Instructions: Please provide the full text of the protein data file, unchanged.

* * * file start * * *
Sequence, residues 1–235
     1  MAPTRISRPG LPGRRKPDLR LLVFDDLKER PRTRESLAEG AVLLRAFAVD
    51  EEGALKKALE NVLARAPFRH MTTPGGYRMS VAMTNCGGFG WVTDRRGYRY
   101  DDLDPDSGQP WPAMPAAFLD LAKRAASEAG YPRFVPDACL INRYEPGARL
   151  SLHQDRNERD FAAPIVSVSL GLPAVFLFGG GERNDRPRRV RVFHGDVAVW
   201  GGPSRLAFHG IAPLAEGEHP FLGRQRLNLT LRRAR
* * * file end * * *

Sequence, residues 1–235
     1  MAPTRISRPG LPGRRKPDLR LLVFDDLKER PRTRESLAEG AVLLRAFAVD
    51  EEGALKKALE NVLARAPFRH MTTPGGYRMS VAMTNCGGFG WVTDRRGYRY
   101  DDLDPDSGQP WPAMPAAFLD LAKRAASEAG YPRFVPDACL INRYEPGARL
   151  SLHQDRNERD FAAPIVSVSL GLPAVFLFGG GERNDRPRRV RVFHGDVAVW
   201  GGPSRLAFHG IAPLAEGEHP FLGRQRLNLT LRRAR